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Mary Kirkland Center for Lupus Research

The mission of the Mary Kirkland Center for Lupus Research is to achieve new understanding of the molecular and cellular basis of systemic lupus erythematosus (SLE), contribute to the development of new lupus therapies, and improve the lives of patients with lupus.

For the most current patient information and resources, please see the Lupus and APS Center of Excellence.

History of lupus research at HSS

For more than forty years, HSS has been a leader in research defining the underlying mechanisms of disease in SLE and has provided expert care of patients with lupus. Lupus is a highly complex disease which alters every aspect of immune system function. The clinical manifestations of lupus are diverse, life-altering, and challenging to patients and their health care providers. Success in developing new therapies that target the relevant disease mechanisms depends on the creativity and cooperation of dedicated scientists, physicians, and funding organizations. At the Mary Kirkland Center for Lupus Research at HSS, dedicated individuals work to develop and advance novel research - both basic and clinical - and patient programs in a collaborative environment that facilitates improvement in the lives of lupus patients.

Researchers at HSS have studied the mechanisms of disease in lupus since the founding of its Rheumatology Division in the 1960's. Among the internationally recognized early contributors to advances in lupus research were Drs. Robert Mellors, Charles Christian, Robert Kimberly, and Keith Elkon. In 1993, HSS became the nation's first National Institutes of Health-sponsored Specialized Center of Research in SLE. Since then, HSS has developed one of the largest registries of adult and pediatric lupus patients in the United States, with essential clinical and DNA information on over 800 patients. HSS scientists continue to be recognized for their major contributions to unraveling the alterations of the immune system that underlie lupus while identifying important molecular targets for more effective and safer therapies.

In 2001, with support from Katherine and Arnold Snider of Rheuminations, Inc., HSS inaugurated the Mary Kirkland Center for Lupus Research. Named in honor of Katherine Snider's mother, who suffered with lupus, The Kirkland Center provides support for intramural basic and clinical research at HSS and pilot research grants focused on lupus. The Kirkland Center also administers the Kirkland Scholar Program, funded by Rheuminations, Inc., which honors outstanding lupus investigators who have achieved an international reputation for their scientific accomplishments and collaborative approach to research.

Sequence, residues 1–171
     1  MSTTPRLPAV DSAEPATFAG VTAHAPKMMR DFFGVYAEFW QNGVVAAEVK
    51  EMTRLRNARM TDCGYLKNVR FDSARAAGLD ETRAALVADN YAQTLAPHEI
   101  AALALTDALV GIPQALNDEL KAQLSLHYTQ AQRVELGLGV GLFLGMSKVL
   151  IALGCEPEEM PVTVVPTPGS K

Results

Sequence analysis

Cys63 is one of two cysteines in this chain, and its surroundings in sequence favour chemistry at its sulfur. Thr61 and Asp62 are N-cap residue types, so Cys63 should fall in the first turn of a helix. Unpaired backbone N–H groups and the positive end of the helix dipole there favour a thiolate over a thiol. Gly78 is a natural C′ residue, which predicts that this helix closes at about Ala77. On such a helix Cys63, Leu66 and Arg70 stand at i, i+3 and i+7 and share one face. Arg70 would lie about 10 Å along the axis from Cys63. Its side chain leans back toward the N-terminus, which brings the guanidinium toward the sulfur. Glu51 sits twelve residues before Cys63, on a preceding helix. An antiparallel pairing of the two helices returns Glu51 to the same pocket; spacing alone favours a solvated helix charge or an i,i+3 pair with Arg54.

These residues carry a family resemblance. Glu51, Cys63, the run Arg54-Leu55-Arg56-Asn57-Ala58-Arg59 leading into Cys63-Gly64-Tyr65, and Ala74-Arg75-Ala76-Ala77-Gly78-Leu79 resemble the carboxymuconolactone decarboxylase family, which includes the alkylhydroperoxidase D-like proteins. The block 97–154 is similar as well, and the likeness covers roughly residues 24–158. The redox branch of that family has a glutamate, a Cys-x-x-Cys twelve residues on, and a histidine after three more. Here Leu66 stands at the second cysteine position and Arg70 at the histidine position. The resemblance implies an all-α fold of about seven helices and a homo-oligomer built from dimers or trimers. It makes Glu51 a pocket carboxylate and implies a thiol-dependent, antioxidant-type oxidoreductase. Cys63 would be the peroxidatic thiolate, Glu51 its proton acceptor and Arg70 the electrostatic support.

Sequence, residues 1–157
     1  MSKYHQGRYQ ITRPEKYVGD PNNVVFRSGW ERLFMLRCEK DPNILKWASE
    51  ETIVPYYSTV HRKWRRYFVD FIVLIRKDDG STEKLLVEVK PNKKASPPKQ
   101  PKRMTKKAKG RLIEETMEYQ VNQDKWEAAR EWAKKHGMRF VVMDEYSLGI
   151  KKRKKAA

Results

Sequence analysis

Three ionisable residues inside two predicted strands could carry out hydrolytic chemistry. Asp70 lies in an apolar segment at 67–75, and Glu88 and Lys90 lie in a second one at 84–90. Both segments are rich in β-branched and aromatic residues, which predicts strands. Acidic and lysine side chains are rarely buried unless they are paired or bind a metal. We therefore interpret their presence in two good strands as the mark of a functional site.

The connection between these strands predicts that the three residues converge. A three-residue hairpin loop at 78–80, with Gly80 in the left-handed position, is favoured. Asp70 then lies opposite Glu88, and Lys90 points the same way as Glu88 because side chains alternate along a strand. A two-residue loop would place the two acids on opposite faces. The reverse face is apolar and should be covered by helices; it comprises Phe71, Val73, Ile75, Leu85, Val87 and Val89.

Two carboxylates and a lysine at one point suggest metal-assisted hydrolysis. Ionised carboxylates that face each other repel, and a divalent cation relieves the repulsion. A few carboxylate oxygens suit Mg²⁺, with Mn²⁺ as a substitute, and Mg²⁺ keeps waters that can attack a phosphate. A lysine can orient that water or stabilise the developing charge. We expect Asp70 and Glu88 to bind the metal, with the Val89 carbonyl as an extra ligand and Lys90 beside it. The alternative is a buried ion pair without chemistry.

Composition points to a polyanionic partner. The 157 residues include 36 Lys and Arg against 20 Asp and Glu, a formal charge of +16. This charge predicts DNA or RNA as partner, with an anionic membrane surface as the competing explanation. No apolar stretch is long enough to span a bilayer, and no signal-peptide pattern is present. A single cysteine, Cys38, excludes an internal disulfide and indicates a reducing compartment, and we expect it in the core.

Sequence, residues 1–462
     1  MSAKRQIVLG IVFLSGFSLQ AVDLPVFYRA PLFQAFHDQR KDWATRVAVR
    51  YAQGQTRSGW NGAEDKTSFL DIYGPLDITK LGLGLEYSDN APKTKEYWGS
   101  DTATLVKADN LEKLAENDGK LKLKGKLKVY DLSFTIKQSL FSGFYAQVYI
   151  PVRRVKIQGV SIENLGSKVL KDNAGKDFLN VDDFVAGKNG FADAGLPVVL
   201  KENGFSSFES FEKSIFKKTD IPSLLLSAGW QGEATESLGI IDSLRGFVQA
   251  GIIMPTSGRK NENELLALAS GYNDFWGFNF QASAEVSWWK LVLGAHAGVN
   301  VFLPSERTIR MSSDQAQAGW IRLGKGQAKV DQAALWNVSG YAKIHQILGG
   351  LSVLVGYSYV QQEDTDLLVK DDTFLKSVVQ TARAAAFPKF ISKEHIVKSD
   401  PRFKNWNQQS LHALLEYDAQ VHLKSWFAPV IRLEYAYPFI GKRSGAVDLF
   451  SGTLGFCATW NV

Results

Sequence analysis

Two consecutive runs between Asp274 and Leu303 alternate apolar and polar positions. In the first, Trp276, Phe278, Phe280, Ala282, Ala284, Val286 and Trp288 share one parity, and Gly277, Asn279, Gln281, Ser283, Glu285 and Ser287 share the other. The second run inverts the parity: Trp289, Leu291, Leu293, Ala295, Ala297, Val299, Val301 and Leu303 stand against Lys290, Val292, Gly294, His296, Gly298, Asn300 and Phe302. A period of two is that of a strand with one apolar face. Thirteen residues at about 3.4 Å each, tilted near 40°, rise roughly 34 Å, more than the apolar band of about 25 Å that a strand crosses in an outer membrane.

By drawing on the extensive patient resources, biomedical expertise, and technology of HSS and its affiliated institutions, including Weill Medical College of Cornell University, NewYork-Presbyterian Hospital, Memorial Sloan-Kettering, and Rockefeller University, investigators at the Kirkland Center have unique opportunities to collaborate with specialists in hematology, cardiology, neurology, and obstetrics, along with outstanding basic scientists, to support a multidisciplinary approach to SLE. In this rich scientific and clinical environment, dedicated scientists, physicians, and health care workers are poised to bring new hope and an improved quality of life to patients with lupus.

Family foundation support

Through their family foundation, Rheuminations, Inc., Katherine and Arnold Snider established the Mary Kirkland Center for Lupus Research in memory of Mrs. Snider's mother. The Kirkland Center is guided by the Sniders' vision of fostering collaborative research aimed at improving the lives of lupus patients. The focus is on finding the causes and cures of lupus and, until that goal is achieved, making the lives of patients with lupus and their families better.

"Listening to and learning from the patients will direct investigators to address the issues that impact most directly on lupus. Only with close collaboration and shared resources will real progress be made," says Katherine Snider.

Access to high quality health care and patient education are priorities of the Sniders and are incorporated into the activities of the Mary Kirkland Center through educational initiatives developed by HSS staff.